Medical device makers say their most effective tactic to get priority over larger buyers has been to raise awareness with executives at chip suppliers.

Maybe playing the “our product saves lives” card has paid off.

According to Ed Hisscock, SVP of supply chain management at Trinity Health which operates 90 hospitals across 22 states, his team has been on “high alert” for shortages of thousands of items containing semiconductors for the past six months. But none have yet materialized.

Why should chip manufacturers (blood) bank on the medical device industry?

Medical device manufacturers are ideal customers for chip suppliers. Regardless of the market, the demand for medical devices holds stable, making them resilient even during recessions.

When the market flips towards unprecedented growth in other sectors, the heavy regulation associated with medical products means they aren’t updated as frequently as, say, consumer electronics. This same governance and regulatory clearance make it impossible to quickly switch to new suppliers, as approvals take time, and thus these partnerships experience stability.

Beyond reliable business, medical device makers also typically pay a little more than companies in other sectors because of the quality they require.

Stacking poker chips

How to stack the chips in your favor

Taking specific actions can help mitigate the current supply chain issues, as disruption increases total healthcare supply chain costs, which already average 37.3% of total patient care.

  • Extend supply chain visibility. Look beyond the supplier to the silicon level to project supply constraints and bottlenecks. Hopefully, in the not-too-distant future, we'll be able to project when the crisis situation improves.
  • Diversify supplier base. Finding new sources reduces risk, and forming new partnerships with distributors, resellers and traders help secure small volumes for urgent components.
  • Consider local suppliers. Especially when shipping from the other side of the country or world becomes difficult, look closer to home. Federal or local aid may be available, such as The Greater Cleveland COVID-19 Rapid Response Fund, an example of a public rapid-repose fund.
  • Ensure flexible billing systems. Use an invoicing and payment system that allows procurement managers more control over billing and payments, including modifying billing periods and contracting with alternative suppliers.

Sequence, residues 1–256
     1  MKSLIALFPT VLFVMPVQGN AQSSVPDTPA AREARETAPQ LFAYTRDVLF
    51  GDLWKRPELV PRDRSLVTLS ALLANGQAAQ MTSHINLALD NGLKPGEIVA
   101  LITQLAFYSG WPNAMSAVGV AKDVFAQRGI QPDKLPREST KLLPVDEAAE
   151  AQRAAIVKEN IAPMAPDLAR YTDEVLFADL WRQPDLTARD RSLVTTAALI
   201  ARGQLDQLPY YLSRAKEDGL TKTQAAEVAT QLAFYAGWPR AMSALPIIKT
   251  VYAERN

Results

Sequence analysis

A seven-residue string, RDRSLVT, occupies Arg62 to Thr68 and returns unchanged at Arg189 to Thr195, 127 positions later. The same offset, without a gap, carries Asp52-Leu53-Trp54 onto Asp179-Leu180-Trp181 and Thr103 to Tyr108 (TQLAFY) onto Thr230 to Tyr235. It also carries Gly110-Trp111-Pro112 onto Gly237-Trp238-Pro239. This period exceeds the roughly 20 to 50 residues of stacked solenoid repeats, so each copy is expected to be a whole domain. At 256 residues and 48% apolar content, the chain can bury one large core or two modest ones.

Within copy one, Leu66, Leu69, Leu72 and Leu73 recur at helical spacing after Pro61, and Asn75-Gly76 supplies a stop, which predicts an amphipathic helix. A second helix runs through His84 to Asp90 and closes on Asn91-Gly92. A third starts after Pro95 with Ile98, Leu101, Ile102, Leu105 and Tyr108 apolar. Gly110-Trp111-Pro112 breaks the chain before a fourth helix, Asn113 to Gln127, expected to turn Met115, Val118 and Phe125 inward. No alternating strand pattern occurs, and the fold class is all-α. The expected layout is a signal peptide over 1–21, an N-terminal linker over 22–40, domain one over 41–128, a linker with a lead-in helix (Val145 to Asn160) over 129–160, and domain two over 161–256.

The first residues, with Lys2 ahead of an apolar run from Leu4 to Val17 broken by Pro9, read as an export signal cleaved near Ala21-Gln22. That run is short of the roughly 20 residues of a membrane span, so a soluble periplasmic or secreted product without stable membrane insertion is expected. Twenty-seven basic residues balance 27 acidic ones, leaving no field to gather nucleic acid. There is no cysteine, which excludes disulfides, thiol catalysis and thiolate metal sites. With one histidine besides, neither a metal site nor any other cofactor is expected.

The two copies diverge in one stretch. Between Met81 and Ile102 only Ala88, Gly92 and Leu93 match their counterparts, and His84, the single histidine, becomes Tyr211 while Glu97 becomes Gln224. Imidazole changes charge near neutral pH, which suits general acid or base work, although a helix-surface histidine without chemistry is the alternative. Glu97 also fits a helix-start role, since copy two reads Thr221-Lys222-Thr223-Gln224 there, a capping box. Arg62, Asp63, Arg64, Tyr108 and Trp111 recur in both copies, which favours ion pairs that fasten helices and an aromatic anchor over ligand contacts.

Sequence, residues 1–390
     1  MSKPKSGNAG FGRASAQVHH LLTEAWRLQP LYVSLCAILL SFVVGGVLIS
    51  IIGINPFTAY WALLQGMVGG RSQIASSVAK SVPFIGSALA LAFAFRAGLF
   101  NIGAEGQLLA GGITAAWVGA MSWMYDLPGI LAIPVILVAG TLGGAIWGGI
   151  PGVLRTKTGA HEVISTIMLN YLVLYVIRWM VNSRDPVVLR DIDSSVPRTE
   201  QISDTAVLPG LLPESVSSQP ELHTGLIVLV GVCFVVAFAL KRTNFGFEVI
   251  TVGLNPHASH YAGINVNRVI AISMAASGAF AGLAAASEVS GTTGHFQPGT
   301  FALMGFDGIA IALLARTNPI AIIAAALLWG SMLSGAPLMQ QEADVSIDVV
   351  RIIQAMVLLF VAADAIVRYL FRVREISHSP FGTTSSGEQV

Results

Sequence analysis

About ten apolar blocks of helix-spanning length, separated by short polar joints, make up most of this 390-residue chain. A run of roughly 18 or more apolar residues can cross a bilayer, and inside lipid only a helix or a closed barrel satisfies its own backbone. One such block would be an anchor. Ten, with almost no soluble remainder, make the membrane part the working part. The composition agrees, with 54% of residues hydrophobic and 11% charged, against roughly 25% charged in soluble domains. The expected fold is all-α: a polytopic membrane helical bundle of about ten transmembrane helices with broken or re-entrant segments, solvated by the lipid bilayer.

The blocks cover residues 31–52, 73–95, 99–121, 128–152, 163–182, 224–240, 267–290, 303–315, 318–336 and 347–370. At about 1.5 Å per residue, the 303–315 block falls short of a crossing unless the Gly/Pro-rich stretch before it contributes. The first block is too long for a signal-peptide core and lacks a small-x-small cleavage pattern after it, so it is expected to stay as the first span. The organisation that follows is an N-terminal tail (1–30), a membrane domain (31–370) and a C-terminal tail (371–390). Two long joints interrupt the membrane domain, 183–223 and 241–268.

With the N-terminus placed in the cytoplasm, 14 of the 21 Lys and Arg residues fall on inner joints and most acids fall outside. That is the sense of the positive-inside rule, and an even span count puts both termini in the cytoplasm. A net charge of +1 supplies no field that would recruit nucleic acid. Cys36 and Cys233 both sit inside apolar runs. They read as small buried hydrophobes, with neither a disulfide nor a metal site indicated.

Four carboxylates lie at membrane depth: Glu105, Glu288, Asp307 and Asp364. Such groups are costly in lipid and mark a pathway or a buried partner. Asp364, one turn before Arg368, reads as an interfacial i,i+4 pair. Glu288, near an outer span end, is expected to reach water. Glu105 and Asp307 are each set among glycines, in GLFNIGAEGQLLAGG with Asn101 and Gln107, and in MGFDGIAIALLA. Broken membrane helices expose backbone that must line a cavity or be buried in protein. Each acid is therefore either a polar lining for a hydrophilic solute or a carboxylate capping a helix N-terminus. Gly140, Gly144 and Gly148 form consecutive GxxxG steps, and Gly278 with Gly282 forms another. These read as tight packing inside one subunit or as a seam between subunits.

• Build in resilience. Use BI and external intelligence, combined with improved data analytics, to make your process more robust.
  • Hold disaster-preparation drills that test supply availability. The Harvard Business Review touts that running drills incorporating current and alternative suppliers help mitigate large-scale disruptions.
  • Fund additional capacity. Sometimes capacity takes time no matter what, but often dedicating financial resources, including more expensive suppliers and materials or additional personnel, can speed up production. Often this means banding together – think Operation Warp Speed for medical device manufacturing.
  • Manage your logistics well. Even the best-laid plans disintegrate and production grinds to a halt if available materials and components arrive damaged, late or not at all. Maybe they’re stuck in one of the infamous container ships off the port of LA, or perhaps still in rail transit. An integrated logistics partner can provide visibility while securing capacity with compliant carriers at negotiated rates.

Through the upheaval of the past two years, every industry has experienced unprecedented ups and downs, but none more than the medical industry. But in this volatility, we have seen individuals, companies and government step up efforts and work together. Amidst the suffering, this unity has been heartwarming. As the volatile market situation continues and medical device manufacturers face new challenges, working with a logistics partner to handle the supply chain can reinstate control and stability into the business.


Topics: Logistics Management, Supply Chain, Silicon Chip Shortage, Medical Device Manufacturing

Related Posts


How IL2000 creates value as a managed trans partner

Welcome to the first installment of our blog series, where we take you behind the scenes of...

Read More

How we help businesses ship difficult products

Construction materials that are hard to move and require special handling pose unique supply chain...
Read More

What is supply chain optimization and why it can't wait

Supply chain evolution–it’s the key to our evolution. It’s what’s changed the world and allowed...

Read More